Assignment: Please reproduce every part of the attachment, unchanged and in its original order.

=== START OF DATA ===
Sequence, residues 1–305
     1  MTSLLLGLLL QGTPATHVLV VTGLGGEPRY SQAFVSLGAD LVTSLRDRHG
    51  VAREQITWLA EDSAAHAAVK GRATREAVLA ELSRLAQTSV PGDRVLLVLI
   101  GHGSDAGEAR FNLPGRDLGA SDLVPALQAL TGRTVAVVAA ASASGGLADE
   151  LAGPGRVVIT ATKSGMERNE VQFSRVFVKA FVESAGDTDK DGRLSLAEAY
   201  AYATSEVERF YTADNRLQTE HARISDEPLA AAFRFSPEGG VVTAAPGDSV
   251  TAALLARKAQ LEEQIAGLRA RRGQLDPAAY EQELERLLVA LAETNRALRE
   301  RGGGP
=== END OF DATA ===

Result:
Sequence, residues 1–305
     1  MTSLLLGLLL QGTPATHVLV VTGLGGEPRY SQAFVSLGAD LVTSLRDRHG
    51  VAREQITWLA EDSAAHAAVK GRATREAVLA ELSRLAQTSV PGDRVLLVLI
   101  GHGSDAGEAR FNLPGRDLGA SDLVPALQAL TGRTVAVVAA ASASGGLADE
   151  LAGPGRVVIT ATKSGMERNE VQFSRVFVKA FVESAGDTDK DGRLSLAEAY
   201  AYATSEVERF YTADNRLQTE HARISDEPLA AAFRFSPEGG VVTAAPGDSV
   251  TAALLARKAQ LEEQIAGLRA RRGQLDPAAY EQELERLLVA LAETNRALRE
   301  RGGGP